People tell me about discrepancies large and small with their property appraisals. I’ve seen many of them myself, yet the folks who complain don’t always appeal. I have to ask what keeps taxpayers from questioning decisions affecting their hard-earned money. Do they feel intimidated? Do they understand process?
We should insist on transparency in the activities of local government. We should strive for more accuracy and for equitable appraisals.
The last time we had a changing of the guard in the property assessor’s position was 18 years ago. Three years later, Tax Management Associates was hired to perform state-mandated audits on private companies. In performing these audits, TMA found inaccuracies in more than half of them. It’s been reported that the average error rate is about 30 percent, and if that’s true, we can say this is an exceptional record—missing the mark more than 52 percent of the time.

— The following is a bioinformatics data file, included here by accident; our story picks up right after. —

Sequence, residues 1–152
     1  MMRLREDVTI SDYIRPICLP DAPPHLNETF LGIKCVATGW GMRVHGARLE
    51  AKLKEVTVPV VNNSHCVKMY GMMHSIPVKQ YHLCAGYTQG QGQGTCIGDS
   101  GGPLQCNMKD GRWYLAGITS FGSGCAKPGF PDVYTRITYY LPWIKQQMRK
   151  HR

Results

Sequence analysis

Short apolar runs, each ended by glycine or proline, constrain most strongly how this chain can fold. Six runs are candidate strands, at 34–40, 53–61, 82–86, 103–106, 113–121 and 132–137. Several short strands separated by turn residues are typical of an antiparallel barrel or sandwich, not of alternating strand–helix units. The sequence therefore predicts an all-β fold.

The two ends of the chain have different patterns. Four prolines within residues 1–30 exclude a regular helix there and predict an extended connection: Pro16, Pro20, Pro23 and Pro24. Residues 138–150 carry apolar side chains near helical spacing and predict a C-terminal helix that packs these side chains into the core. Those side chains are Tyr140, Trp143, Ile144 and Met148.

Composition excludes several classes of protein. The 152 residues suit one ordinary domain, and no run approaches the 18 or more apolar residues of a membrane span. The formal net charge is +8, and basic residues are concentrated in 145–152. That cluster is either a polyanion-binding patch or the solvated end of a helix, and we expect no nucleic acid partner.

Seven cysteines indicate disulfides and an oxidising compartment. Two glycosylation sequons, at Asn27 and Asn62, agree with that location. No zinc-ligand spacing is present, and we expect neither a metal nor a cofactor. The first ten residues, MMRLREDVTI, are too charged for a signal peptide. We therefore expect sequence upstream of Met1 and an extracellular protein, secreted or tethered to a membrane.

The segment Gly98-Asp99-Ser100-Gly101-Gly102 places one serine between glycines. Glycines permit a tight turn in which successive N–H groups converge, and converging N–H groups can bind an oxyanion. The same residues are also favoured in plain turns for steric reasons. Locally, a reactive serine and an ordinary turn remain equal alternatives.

On their website, TMA says that since they were hired, they have discovered inventory worth $375 million that had previously been left off of personal property tax rolls of private companies in Hamilton County. What a lot to miss. We used a system of self-reporting, and it failed. That kind of miscalculation hurts everyone.
Consider making a change. Consider that staying with the status quo all these years has meant that Hamilton County was the very last county in the state to operate on a mainframe system that costs $275,000 to operate. And consider the computer-aided mass appraisal system approved for purchase by the County Commission a couple of years ago for $471,000. To date, this software has not been fully implemented. If the technology we already own were fully utilized, would the assessor’s budget require as much as the recently asked for increase of $589,000?
Whether you own or rent, you pay real estate taxes. You owe it to yourself to engage in the process of governance. If you want access, transparency and technology implemented in your property assessor’s office, vote for Jelena Butler.